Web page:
• Grower and retailer lobby groups fight new food warnings Wednesday, October 21, 2009

    Lobbyist for farmers and grocers are objecting to the California Office of Environmental Health Hazard Assessment‘s plan to toughen consumer warnings about carcinogenic chemicals in foods.

    Businesses must provide “clear and reasonable” warnings about exposure to certain chemicals under Proposition 65, the Safe Drinking Water and Toxic Enforcement Act of 1986.  That voter-approved initiative requires that consumers be warned about exposure to chemicals known to cause cancer, birth defects or other reproductive harm.

    OEHHA is reconsidering its guidelines for providing warnings for exposure to chemicals in food purchased at retail stores, “including the relative responsibilities of product manufacturers versus food retailers,” according to the agency.  After a public workshop held Sept.25, the agency received responses from industry groups.

    • The Agricultural Council of California, a lobby group that represents farmer cooperatives, said it found “many fundamental flaws” in the proposal.  In particular, it objected to a proposed requirement to list every naturally-occurring Prop 65-listed chemical in food.  It also claims the proposal open a food processor  to be sued “if a single retailer does not adopt the new system,” even if the processor provided the required information to retailers and distributors.
    • The California Retailers Association and California Grocers Association submitted a joint comment on behalf of more than 6,000 member retailers.  The lobby groups contend that the proposal omits “the only viable option” for most food retailers to transmit warnings to consumers:  “a written compendium as a vehicle for making the warnings available to consumers in hard copy in the store.”  The groups also object to a proposed change from requiring warnings be made available to consumers to providing warnings “without requiring the consumer to seek out the warning,” a proposal they call “wholly unworkable.”  And the groups recommend small-to-midsize retailers be  “required to post only one general sign, directing consumers to the OEHHA food warning website.”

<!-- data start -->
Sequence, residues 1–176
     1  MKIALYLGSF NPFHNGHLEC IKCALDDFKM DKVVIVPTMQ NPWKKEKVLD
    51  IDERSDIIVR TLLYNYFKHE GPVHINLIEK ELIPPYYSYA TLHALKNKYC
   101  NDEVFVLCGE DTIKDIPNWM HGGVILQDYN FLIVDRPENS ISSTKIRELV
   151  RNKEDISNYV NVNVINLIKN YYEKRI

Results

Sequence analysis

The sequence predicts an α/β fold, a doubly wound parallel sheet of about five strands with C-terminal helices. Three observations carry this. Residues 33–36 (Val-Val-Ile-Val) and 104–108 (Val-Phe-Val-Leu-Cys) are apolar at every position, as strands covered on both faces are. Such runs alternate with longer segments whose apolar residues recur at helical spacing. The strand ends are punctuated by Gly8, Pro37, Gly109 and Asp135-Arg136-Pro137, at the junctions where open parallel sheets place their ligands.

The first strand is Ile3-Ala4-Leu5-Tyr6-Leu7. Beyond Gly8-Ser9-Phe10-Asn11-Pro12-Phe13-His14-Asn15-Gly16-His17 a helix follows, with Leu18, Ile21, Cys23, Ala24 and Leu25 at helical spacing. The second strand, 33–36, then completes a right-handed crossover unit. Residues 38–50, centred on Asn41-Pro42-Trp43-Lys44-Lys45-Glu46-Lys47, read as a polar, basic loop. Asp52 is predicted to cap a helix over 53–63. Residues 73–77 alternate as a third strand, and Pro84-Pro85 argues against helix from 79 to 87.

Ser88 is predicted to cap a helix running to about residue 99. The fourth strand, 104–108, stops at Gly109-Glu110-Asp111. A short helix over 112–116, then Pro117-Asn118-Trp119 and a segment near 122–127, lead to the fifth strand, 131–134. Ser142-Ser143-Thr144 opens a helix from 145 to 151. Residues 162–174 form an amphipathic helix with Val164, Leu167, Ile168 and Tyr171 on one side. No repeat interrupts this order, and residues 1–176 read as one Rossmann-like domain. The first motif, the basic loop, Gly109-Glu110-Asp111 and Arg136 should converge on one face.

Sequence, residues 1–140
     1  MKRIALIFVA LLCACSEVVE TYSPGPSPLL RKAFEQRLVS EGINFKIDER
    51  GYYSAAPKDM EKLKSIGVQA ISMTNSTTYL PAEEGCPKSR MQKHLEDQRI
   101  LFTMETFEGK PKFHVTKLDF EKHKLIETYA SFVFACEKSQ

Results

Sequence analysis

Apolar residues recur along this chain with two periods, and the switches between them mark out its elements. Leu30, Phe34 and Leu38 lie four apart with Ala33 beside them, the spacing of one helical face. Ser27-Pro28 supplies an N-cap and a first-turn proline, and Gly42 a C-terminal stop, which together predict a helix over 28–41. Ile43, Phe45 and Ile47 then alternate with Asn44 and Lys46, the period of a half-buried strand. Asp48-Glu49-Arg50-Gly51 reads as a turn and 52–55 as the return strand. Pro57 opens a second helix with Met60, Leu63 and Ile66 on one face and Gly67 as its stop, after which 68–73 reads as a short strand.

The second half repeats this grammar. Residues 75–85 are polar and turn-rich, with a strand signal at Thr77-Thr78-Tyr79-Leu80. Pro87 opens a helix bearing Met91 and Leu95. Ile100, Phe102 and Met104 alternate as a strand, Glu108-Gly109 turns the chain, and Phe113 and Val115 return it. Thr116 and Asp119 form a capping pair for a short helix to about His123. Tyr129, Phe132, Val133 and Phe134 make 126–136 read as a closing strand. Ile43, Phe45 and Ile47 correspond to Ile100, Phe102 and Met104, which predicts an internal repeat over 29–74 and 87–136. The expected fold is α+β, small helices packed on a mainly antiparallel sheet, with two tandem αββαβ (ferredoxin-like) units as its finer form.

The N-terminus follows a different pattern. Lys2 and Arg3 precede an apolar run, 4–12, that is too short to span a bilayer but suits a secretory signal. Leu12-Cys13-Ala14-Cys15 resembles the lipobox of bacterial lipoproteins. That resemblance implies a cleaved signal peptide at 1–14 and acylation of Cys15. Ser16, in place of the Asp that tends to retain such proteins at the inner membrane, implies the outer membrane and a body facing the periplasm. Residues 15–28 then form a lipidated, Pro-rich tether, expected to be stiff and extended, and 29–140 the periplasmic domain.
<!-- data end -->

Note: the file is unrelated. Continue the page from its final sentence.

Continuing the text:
• Two national groups, the Grocery Manufacturers Association and the American Beverage Association, said in their joint comment the proposal would create a system that “cannot work and, therefore, will not be used.”  The manufacturers characterized the proposal that each listed chemical be identified as “unworkable, unnecessary and infeasible,” saying it would require a “prohibitively expensive testing regime.”  The comment also makes reference to what it calls an “escalating” number of “lawsuits and threatened lawsuits against food companies–including retailers” stemming from Prop 65.

    The agency also received a joint comment from The Center for Environmental Health and the Mateel Environmental Justice Foundation, which worry that the changes weaken consumer information. They object to the proposal that consumers could be told about hazardous chemicals either through a warning with or on the register receipt or from a brochure offered at the checkout counter. The consumer-oriented groups say such warnings would come too late in the shopping process.

    Changes in the warning requirements are not likely to occur until early next year.

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Category: Environmental Protection;